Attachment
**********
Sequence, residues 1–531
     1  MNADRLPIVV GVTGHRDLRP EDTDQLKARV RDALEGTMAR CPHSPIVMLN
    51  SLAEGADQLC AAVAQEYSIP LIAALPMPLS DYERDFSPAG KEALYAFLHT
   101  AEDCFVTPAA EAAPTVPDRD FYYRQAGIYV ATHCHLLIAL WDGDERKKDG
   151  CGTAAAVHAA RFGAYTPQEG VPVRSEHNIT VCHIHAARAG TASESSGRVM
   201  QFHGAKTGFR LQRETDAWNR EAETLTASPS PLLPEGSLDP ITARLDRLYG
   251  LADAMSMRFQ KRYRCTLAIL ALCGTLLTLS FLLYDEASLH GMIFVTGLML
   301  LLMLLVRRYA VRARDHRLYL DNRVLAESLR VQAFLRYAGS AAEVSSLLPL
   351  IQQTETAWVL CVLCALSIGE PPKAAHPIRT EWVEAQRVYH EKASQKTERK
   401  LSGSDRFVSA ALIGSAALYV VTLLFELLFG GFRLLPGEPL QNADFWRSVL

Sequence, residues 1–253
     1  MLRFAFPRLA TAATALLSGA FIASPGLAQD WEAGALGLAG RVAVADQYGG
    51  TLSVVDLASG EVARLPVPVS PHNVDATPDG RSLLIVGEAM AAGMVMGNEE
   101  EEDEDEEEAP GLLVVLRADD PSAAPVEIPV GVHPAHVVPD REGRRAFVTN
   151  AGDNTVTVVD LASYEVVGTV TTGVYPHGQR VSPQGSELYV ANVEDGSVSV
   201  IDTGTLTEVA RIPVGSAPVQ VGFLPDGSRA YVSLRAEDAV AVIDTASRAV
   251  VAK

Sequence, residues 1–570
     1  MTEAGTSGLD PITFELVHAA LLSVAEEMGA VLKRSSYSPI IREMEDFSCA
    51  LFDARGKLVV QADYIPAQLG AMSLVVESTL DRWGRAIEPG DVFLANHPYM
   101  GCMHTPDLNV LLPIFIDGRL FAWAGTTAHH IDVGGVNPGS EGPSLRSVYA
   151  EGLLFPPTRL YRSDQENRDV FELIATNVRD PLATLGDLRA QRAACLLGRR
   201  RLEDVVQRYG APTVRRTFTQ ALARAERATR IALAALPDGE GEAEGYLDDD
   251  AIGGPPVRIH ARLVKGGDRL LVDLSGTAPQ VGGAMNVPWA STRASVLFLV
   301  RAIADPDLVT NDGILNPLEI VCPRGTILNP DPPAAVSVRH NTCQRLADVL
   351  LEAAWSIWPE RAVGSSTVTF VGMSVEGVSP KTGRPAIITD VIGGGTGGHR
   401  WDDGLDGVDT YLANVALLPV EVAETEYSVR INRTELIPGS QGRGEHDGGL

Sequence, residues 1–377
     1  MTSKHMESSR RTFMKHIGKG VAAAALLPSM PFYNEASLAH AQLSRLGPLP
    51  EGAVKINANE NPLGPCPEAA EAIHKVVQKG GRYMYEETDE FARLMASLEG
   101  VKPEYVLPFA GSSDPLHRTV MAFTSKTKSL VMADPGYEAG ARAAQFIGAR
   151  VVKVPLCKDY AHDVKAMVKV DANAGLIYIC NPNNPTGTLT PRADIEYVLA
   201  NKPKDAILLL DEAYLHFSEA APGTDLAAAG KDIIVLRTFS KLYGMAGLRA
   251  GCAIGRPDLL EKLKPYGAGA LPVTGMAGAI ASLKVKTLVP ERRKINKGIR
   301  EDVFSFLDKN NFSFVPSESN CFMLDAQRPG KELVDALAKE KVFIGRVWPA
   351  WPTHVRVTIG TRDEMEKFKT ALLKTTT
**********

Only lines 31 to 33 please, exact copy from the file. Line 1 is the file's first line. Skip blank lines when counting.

   101  VKPEYVLPFA GSSDPLHRTV MAFTSKTKSL VMADPGYEAG ARAAQFIGAR
   151  VVKVPLCKDY AHDVKAMVKV DANAGLIYIC NPNNPTGTLT PRADIEYVLA
   201  NKPKDAILLL DEAYLHFSEA APGTDLAAAG KDIIVLRTFS KLYGMAGLRA